Vacuum battery causes toxic chaos
It’s not just the batteries in e-bikes and e-scooters that can present serious fire risks. As one central-Scotland landlord has found, those in cordless vacuum cleaners can be equally dangerous.
He explained: “Our tenant had a fully charged battery sitting on a shelf in a cupboard when it self ignited without warning.
“We discovered that the intense burning of lithium-ion batteries can’t be extinguished – you simply have to leave it to burn itself out. Luckily, nothing went on fire but the property was uninhabitable because of the toxic smoke and deposits that were generated.”
The cupboard also contained a water tank and there were two residual-current device (RCD) electrical boxes directly above the shelf where the spare, previously charged battery for the cleaner, was sitting. It was not on charge or connected to a socket or the cleaner. Notably, the two-inch thick insulation on the tank was badly charred in the incident, while one of the two RCD boxes was completely destroyed. The landlord added: “All that was left of the battery pack was a few charred cells. Fumes and smoke had covered every surface in the property even though doors were closed.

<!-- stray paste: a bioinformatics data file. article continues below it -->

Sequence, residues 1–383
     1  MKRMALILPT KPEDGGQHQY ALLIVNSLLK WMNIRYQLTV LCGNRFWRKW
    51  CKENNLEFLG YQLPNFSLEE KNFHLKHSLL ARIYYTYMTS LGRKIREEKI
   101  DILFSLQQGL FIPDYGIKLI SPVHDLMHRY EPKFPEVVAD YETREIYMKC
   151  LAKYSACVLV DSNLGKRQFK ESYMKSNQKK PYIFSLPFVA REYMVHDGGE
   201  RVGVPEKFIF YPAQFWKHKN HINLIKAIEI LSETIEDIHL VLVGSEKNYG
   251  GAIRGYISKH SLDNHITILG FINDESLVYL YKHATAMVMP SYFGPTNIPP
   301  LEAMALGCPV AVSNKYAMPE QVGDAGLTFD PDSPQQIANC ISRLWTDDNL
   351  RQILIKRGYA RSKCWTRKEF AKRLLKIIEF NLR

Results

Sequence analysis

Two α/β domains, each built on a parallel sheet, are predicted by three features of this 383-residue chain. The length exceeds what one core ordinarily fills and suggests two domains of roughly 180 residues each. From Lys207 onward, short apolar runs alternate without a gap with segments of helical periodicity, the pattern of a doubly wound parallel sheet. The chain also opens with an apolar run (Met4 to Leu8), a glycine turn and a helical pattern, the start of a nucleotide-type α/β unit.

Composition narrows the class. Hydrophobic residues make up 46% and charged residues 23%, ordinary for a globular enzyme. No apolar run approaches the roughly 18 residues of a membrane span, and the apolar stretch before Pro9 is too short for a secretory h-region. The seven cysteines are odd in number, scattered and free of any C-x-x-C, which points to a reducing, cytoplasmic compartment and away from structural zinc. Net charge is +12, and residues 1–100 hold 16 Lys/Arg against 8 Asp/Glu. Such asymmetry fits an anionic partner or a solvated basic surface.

“Afterwards, all the wires had to be checked and every surface cleaned. Carpets and curtains had to be binned, and we had to bring in a specialist team to clean up.
“One of the firefighters told me that these types of electric battery fires happen more than you’d expect.”
“Fortunately, at least for us, the insurance company was on the ball and responded quickly. The cleaning crew, electricians, and restoration crews were understanding and offered advice for this type of incident. In the end it was five or six weeks before the tenants could go back in,” said the landlord. “Sadly, the couple involved, who’d only recently acquired the cleaner, didn’t have their own personal insurance so they lost a lot. Their clothes, soft furnishings and bedding were ruined. They’d only gone out for an hour but came back to a flat full of thick black smoke. The mess was unbelievable.”
As a result of this experience, and existing doubts about these power sources, he’s made a clear decision: “I won’t rent out a property with any large battery operated devices, and I’d never use cheap non-OEM (original equipment manufacturer) replacement batteries in phones, power tools or other equipment.”